|The Last Chance|
|Directed by||Thomas Bentley|
|Produced by||Warwick Ward|
|Music by||John Reynders|
|Distributed by||Pathé Pictures International|
The Last Chance is a 1937 British drama film directed by Thomas Bentley and starring Frank Leighton, Judy Kelly and Laurence Hanray. Its plot involves a gunrunner who makes a jail break in order to gather evidence to prove he is innocent of murder.It was made as a supporting feature at British International Pictures' second studio at Welwyn.
My Learned Friend is a 1943 British, black-and-white, comedy, farce, directed by Basil Dearden with his regular collaborator, Will Hay, as the film's star in the role of William Fitch. The principal supporting roles were taken by Claude Hulbert and Mervyn Johns. Character roles went to Laurence Hanray as Sir Norman, Charles Victor as "Safety" Wilson, Ernest Thesiger as Ferris and Ronald Shiner as the Man in Wilson's café. It was produced by Michael Balcon, Robert Hamer and Ealing Studios.
Laurence Hanray, sometimes credited as Lawrence Hanray, was a British film and theatre actor born in London, England. He is also credited as the author of several plays and music hall songs.
A Royal Divorce is a 1938 British historical drama film directed by Jack Raymond and starring Ruth Chatterton, Pierre Blanchar and Frank Cellier. The film portrays the complex relationship between Napoleon I of France and his wife, Josephine Bonaparte from their first meeting until their divorce more than a decade later.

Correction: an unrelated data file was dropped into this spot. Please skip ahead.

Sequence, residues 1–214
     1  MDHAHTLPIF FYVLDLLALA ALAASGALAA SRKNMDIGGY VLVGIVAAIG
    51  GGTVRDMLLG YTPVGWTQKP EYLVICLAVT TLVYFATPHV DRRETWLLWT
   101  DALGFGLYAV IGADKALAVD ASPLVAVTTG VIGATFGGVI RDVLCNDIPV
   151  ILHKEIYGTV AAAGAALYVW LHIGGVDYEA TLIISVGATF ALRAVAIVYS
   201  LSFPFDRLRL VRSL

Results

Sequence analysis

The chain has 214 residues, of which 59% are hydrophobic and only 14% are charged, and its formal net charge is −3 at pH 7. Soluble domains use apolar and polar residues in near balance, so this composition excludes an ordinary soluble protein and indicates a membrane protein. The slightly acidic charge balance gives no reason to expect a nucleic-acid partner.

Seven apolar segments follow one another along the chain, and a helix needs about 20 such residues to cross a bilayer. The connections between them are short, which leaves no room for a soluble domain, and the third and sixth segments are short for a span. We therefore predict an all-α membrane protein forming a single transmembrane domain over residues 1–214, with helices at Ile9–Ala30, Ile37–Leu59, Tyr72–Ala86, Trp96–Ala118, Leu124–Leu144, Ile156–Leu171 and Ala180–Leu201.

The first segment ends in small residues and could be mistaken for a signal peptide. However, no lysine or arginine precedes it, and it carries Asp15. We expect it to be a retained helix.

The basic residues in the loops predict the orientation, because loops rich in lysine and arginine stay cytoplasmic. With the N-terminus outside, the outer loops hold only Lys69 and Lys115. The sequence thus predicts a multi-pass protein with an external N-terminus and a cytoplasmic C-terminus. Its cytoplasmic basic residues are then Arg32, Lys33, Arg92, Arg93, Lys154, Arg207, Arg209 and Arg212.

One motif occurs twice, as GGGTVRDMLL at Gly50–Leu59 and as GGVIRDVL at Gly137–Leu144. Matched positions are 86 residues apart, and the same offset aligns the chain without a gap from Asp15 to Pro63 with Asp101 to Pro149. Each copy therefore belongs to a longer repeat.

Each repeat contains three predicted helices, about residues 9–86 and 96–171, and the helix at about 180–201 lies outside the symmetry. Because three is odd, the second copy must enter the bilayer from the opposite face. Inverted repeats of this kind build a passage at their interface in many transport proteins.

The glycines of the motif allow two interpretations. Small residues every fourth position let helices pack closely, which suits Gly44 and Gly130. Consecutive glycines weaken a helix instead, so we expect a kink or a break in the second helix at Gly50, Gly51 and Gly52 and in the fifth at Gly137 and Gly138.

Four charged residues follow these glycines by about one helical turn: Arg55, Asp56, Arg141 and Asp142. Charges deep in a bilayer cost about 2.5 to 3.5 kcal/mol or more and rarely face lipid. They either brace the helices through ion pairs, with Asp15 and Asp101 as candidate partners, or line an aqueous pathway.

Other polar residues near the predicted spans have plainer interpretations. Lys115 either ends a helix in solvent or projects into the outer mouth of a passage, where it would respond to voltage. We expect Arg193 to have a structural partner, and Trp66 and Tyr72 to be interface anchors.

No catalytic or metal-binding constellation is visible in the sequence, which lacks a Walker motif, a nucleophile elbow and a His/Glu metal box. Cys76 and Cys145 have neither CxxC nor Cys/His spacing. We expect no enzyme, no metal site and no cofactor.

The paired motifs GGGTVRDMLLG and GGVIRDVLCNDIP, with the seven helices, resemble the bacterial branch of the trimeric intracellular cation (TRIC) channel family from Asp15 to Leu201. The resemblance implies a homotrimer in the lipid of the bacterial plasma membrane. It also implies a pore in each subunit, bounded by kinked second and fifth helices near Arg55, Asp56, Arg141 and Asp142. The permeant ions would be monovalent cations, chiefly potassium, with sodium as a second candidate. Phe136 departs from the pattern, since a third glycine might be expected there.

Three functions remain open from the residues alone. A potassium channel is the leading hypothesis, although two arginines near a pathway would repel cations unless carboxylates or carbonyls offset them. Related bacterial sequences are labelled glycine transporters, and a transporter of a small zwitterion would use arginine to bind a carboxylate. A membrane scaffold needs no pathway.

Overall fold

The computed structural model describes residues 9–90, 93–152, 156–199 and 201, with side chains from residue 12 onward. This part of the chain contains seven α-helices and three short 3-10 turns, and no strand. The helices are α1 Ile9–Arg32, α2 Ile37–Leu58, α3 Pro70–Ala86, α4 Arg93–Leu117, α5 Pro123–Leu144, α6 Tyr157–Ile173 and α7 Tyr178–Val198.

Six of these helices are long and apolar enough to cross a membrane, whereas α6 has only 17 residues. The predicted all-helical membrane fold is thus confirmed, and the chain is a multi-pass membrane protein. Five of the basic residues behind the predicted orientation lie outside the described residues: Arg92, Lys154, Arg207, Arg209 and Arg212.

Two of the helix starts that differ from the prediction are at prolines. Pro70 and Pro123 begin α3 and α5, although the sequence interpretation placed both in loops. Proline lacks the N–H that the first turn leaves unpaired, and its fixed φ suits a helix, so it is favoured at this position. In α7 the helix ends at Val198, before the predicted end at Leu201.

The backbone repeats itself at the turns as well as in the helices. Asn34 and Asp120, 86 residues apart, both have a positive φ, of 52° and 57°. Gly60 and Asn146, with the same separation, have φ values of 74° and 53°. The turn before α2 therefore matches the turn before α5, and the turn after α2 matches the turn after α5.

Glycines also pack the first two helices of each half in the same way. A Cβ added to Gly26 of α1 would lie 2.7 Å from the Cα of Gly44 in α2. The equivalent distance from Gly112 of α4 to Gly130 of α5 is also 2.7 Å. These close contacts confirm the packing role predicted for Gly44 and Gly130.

The Midas Touch is a 1940 British thriller film directed by David MacDonald and starring Barry K. Barnes, Judy Kelly, Frank Cellier and Bertha Belmore. It is an adaptation of the 1938 novel of the same title by Margaret Kennedy.
Julie Aileen Kelly, known professionally as Judy Kelly, was an Australian-born British actress. She arrived in Britain in 1932 after winning a competition organised by the Australian British Empire Films, which included 3 months tuition at the British International Studios at Elstree. She appeared in a number of films for British International Pictures during the 1930s. She was sometimes cast as a love interest for the comedian Leslie Fuller, and also appeared alongside the musical stars Gene Gerrard and Stanley Lupino.
The Price of Folly is a 1937 British drama film directed by Walter Summers and starring Leonora Corbett, Colin Keith-Johnston and Judy Kelly. The screenplay concerns a man who, after a failed attempt to kill a woman, finds himself blackmailed over the incident.
Leap Year is a 1932 British comedy film directed by Tom Walls, who co-stars with Anne Grey, Edmund Breon and Ellis Jeffreys. Made at British and Dominion's Elstree Studios, it was written by A. R. Rawlinson, and produced by Herbert Wilcox. The film was re-released in 1937.
The Great Defender is a 1934 British mystery film directed by Thomas Bentley and starring Matheson Lang, Margaret Bannerman and Arthur Margetson. Its plot concerns a top barrister who conducts the defence of an artist facing the death penalty for allegedly murdering his model, while himself battling with serious illness.